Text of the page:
Day 6 - August 26, 1999

Route:  McIntosh L., Timberwolf L., Misty L., Little Misty L., Petawawa R., Daisy L.
Distance:  11 miles
Portages:  405, 765, 935, 450, 135
Travel Time:  5:00

We woke up to amazingly thick fog. We could only see about 50 feet down the shore. Strangely, the fog was isolated to the water - there was none in the campsite. There was no way we could leave until the fog lifted. The fog finally cleared and we were on our way by 9:30. After the fog lifted, it turned out to be a very nice day - lots of sun, but very humid.

The big news of the day was that we finally emptied the first propane tank. Seth had been moaning about carrying all of the extra propane tanks. Clearly, we did not need the four tanks we brought.

Morning Fog on McIntosh Lake
Morning Fog on McIntosh Lake

The first portage to Timberwolf Lake was only a short paddle away. At the far side of this portage, there was a large pile of bear droppings.

On Misty Lake, we paddled along the southern edge of the lake on our way to the portage. This part of the lake looks like a vast wasteland of dead trees and muck. We passed a great blue heron perched on top of a beaver lodge. As we got closer to the portage, a turtle surfaced near the front of the canoe and startled Seth.

Approaching Petawawa River from Little Misty Lake
Approaching Petawawa River from Little Misty Lake

We took the portage to Little Misty L. and began a leisurely paddle up the Petawawa River. It was very scenic with only a single beaver dam to cross. Just before the first portage on the river, there is a small waterfall.

We met two couples on this portage who told us they had to walk their canoes several times further up the river. Their canoes looked heavily loaded so we hoped that we would be OK. Further up the river, we came across some other people who also complained of shallow water. We were becoming concerned, but I stated confidently that I'd been down this river half a dozen times before and never had to walk. I had not intention of starting now. We tried valiantly to stay in the canoe, but in the end, we had to walk a couple of hundred meters.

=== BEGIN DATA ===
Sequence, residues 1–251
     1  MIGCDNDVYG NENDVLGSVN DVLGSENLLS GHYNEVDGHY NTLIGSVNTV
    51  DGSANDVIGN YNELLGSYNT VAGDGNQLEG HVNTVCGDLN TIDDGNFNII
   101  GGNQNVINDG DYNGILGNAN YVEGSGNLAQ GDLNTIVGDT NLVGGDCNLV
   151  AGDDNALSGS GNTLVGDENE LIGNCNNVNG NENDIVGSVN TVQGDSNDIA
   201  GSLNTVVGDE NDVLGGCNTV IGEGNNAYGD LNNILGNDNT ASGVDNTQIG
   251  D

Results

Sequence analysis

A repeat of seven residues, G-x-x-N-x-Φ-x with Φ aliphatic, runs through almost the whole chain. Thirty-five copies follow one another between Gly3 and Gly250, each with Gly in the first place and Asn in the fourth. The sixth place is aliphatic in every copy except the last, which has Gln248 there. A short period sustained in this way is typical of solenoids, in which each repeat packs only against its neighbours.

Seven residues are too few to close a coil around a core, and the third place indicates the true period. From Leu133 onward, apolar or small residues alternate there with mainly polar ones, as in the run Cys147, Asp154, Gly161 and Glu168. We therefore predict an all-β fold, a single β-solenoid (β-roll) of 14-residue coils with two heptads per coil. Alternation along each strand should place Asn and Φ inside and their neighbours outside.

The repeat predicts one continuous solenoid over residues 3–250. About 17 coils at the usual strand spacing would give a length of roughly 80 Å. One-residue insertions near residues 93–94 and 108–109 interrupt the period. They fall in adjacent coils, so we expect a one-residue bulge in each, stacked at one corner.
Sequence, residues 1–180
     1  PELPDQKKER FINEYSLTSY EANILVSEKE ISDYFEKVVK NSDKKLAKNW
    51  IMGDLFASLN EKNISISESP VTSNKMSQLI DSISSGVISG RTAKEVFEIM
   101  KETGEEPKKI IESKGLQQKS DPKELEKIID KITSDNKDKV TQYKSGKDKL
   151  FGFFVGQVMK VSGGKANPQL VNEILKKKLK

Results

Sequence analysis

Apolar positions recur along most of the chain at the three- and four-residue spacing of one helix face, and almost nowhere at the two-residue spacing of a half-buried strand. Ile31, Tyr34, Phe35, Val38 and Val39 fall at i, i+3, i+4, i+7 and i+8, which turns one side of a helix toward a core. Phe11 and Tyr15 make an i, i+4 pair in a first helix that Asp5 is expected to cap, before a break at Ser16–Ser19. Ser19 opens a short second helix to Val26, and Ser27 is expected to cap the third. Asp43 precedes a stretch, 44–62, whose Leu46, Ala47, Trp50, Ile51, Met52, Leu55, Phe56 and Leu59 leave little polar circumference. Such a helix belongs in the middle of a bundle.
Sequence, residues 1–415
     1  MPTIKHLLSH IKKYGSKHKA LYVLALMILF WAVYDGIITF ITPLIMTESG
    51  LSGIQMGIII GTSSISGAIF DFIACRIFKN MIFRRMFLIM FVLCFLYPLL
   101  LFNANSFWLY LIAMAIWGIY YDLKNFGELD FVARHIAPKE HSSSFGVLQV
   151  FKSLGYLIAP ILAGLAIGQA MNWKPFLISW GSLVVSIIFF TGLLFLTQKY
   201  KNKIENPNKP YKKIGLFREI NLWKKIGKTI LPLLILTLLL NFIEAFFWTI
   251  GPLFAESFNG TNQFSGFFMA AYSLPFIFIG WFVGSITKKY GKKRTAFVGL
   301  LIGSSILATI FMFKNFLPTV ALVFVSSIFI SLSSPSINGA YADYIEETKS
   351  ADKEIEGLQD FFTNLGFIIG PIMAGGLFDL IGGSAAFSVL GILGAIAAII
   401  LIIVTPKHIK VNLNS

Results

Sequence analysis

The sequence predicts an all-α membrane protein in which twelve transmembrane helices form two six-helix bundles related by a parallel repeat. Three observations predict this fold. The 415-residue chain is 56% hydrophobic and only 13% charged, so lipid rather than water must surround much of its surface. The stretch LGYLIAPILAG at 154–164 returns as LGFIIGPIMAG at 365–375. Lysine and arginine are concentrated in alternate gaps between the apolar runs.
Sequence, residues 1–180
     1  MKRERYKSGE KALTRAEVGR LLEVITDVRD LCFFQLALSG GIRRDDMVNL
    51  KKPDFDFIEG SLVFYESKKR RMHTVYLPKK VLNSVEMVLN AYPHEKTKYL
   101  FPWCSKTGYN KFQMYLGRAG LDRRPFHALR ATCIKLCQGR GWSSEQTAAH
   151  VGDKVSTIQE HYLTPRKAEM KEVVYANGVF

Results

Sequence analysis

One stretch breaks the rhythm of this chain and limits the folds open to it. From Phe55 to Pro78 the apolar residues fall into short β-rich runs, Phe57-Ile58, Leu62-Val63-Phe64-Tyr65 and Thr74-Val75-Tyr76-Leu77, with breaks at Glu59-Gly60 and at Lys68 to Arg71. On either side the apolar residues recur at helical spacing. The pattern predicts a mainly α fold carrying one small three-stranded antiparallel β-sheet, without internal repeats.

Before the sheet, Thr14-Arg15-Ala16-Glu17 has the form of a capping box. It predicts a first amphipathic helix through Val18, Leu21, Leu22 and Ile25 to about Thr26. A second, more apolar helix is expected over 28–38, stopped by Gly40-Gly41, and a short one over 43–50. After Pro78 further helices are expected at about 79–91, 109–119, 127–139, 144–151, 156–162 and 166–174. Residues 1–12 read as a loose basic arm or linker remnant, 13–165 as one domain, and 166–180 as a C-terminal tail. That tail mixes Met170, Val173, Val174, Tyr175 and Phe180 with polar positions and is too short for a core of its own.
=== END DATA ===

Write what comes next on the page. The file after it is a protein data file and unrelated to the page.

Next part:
We finally reached Daisy Lake and headed for our favorite island campsite. Unfortunately, this campsite was taken so we opted for the site we used on our last trip. A few trees had fallen since the last time we were here. It also looked like someone had managed to start a ground fire.

Small Waterfall on Petawawa River
Small Waterfall on Petawawa River
Mushrooms on a Rotting Log
Mushrooms Growing on a Rotting Log

It was around 2:30 so we ate lunch, set up our hammocks and relaxed. After being on Burntroot L. and seeing no one for almost 24 hours, this almost seemed like the big city. Several canoes passed by while we were in our hammocks. We heard many envious remarks.

As we were packing things up for the night, the clouds had thickened and it looked like rain would be coming. We were both convinced that it would rain this night. As it turned out, we were both wrong.

There was a strange occurrence just before bedtime. We heard something moving behind us and figured that it was a mouse. Instead, it was a toad - a rather large toad. We looked around and quickly found two more toads. We weren't too concerned about the toads, but we thought it would be pretty gross if we stepped on one by accident.

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Last updated on 09/01/2003.